On October 7 the Americans won a crucial victory at Bemis Heights near Saratoga, and ten days later Burgoyne surrendered his army to American General Horatio Gates. The British troops were held captive as prisoners of war until the end of the war, four years later. Burgoyne returned to England and never commanded troops in the British Army again.

The Battle of Saratoga raised American spirits and allowed the United States to retain control of Albany and the Hudson River valley. But its greater significance lay in how affected France.

Britain had defeated France in the Seven Years’ War (French and Indian War) some fifteen years earlier, winning control of French Canada and nearly all the other French possessions in the New World. The French were itching for revenge.

But until the Battle of Saratoga, they hesitated to join forces with their the Americans and their seemingly weak new country. Saratoga changed that picture and proved the Americans to be a significant fighting force. Soon King Louis XVI signed a formal Franco-American alliance. The new pact forced Britain to divert some of its forces to fight the French in the West Indies and Europe. France helped the United States with soldiers, donations, loans, military arms, and supplies, and its aid proved crucial to ultimate American victory at Yorktown, Virginia, in 1781.

Zelenskyy (or maybe his advisers) understood the significance to America of the results of the Battle of the Bulge and the Battle of Saratoga. In his address to Congress last week, he implicitly urged the United States, by referencing American military history, to identify with the Ukrainian struggle against a powerful foe.

Ukraine is currently engaged in a vicious battle with Russia in the city of Bakhmut in the eastern part of the country. In his speech to Congress, Zelenskyy made the comparison explicit: “ . . . just like the Battle of Saratoga, the fight for Bakhmut will change the trajectory of our war for independence and for freedom.”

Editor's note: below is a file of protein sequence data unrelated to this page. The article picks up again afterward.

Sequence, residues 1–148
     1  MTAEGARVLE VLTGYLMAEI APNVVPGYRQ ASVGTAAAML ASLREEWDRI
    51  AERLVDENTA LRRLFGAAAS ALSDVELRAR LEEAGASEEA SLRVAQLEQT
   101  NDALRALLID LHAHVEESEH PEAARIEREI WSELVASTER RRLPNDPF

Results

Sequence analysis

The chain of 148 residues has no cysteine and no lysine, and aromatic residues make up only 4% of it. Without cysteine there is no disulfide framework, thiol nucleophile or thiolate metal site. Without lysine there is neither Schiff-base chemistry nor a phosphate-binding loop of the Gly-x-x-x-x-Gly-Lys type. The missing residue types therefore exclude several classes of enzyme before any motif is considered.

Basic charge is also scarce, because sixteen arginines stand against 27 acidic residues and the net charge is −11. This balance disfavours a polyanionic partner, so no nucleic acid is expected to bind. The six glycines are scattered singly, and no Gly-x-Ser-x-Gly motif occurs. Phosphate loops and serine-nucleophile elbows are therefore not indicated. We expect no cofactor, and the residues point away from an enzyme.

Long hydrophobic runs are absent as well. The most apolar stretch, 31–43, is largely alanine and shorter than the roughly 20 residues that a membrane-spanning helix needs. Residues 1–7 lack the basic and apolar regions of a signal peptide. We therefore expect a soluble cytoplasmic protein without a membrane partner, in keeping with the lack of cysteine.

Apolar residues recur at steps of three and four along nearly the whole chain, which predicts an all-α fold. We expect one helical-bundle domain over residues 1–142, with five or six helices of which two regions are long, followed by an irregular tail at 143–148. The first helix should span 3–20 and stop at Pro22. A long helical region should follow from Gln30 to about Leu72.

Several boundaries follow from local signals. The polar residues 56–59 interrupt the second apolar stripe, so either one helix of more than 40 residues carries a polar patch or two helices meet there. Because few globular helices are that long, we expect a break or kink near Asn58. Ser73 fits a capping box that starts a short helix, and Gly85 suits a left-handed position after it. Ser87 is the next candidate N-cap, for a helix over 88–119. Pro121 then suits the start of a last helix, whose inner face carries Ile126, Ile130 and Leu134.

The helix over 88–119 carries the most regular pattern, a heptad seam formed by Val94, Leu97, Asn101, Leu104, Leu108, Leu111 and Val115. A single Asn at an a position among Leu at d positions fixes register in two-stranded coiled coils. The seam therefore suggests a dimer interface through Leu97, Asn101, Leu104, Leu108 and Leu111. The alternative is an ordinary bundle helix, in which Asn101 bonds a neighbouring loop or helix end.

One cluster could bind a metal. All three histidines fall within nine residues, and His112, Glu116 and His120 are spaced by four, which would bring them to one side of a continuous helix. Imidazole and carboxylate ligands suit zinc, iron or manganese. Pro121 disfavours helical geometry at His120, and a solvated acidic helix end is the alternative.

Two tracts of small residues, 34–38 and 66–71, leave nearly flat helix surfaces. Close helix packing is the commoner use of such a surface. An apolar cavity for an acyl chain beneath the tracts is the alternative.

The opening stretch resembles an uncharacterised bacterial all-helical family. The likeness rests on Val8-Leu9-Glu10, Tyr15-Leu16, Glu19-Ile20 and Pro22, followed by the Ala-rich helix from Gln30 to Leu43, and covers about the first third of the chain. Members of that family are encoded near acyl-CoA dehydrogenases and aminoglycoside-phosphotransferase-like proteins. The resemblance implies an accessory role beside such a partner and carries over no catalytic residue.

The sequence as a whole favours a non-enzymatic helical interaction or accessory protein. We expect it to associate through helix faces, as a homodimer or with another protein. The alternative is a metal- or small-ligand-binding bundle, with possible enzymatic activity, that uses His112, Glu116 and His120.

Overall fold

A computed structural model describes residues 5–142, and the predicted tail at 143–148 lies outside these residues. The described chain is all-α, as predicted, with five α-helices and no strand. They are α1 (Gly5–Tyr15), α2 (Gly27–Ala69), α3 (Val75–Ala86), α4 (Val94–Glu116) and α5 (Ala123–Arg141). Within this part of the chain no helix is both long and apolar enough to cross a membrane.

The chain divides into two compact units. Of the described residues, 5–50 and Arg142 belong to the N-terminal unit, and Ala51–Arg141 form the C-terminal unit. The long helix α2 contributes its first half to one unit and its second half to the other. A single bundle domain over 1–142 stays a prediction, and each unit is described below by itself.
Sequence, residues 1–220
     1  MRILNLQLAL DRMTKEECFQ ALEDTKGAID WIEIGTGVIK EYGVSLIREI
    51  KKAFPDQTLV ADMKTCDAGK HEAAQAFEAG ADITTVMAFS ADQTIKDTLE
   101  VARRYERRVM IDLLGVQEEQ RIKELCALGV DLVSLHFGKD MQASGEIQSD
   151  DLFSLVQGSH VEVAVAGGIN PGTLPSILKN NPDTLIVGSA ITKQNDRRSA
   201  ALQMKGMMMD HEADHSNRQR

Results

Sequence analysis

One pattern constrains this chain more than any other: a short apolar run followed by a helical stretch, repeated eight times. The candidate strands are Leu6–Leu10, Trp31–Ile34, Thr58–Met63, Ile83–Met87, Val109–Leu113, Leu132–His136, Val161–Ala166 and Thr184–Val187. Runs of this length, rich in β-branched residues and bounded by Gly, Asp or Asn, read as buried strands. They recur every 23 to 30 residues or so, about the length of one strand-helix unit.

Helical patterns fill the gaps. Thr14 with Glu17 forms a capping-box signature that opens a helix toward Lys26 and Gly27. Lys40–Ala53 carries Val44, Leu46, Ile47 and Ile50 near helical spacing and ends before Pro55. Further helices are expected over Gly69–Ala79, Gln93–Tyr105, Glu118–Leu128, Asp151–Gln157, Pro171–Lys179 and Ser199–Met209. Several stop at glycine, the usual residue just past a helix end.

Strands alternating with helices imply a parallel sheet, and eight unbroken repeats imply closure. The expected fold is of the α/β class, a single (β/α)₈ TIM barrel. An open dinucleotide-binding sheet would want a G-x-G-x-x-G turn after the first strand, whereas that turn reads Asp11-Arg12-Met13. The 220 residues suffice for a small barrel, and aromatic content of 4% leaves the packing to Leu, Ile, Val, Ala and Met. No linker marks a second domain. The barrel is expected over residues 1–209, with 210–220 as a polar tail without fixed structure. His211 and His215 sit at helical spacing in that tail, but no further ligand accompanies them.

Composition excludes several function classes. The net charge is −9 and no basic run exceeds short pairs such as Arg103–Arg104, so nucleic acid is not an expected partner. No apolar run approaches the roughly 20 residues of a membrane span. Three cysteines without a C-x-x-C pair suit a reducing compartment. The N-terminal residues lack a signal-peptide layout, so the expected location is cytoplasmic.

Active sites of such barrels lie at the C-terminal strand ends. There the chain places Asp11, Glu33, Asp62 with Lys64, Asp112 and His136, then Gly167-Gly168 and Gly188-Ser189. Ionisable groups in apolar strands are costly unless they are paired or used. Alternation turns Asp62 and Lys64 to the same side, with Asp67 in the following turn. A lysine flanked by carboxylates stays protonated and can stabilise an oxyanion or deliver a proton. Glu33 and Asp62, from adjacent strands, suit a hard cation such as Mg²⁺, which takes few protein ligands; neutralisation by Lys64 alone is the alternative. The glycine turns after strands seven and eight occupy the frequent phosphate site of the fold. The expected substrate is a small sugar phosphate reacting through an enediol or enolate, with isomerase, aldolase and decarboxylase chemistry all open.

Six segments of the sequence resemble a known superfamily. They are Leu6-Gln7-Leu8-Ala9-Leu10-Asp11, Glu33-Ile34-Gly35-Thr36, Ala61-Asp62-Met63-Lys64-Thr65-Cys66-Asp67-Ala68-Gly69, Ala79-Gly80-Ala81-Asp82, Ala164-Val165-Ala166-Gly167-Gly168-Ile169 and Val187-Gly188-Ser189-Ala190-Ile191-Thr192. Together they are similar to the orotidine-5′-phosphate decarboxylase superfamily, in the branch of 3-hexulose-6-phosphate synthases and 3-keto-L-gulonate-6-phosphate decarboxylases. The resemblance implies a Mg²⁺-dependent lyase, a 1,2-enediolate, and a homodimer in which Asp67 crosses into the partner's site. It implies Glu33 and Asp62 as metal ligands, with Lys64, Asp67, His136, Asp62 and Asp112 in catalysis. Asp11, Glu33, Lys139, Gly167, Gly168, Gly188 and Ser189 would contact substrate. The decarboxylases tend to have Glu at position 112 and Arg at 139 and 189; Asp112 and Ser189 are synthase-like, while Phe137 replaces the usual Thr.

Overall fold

Whether Congress will remain a steadfast aid champion of Ukraine after Republicans take control of the U.S. House in January is at this point unknown. Some Republicans appear willing—even eager—to cut back American support.

But by masterfully comparing our history to his country’s present military situation, President Zelenskyy certainly strengthened American sympathies for Ukrainians fighting for their country, their continued independence, their families, and their lives. It will be more difficult for Republicans to oppose continuing aid to a brave people and their courageous leader after his inspiring speech.

Top photo: Ukrainian President Volodymyr Zelenskyy in Congress, with Vice President Kamala Harris and Speaker Nancy Pelosi in the background. Posted on Facebook on Pelosi's official page.

Editor's note from Laura Belin: James Fallows further analyzed the skill involved in Zelenskyy's Congressional address and discussed some of the decisions with a member of Zelenskyy's team.

  • We’ll done, Rick!

    Thoroughly enjoyed your column. The speech also reminded me of Havel’s in early 1990. Back then there was no question about America’s commitment to freedom from Russian aggression. I look forward to the return of that America.

  • Good post...

    The author as well as readers who appreciated this would likely also enjoy readingthis recent post by Peterr at Marcy Wheeler's emptywheel site.

    Peterr lends more recent historical context. Before Zelenskyy, the last time a Ukrainian President addressed a joint gathering of the U.S. Senate and Congress, both were controlled by Republicans. And our President was a Republican. The year was 2005.


    All of which makes it even all the more saddening than it already was to have witnessed the former jackass in the Oval Office throw so many turds in punch bowls of democracy here, and inside Ukraine, and around the world to the extent he could. It's gonna be a long recovery from the poison he served to so many Americans who willingly drank it.

    Did any readers here attend Marie Yovanovitch's talk at Drake University awhile back? I did not, but would have liked to.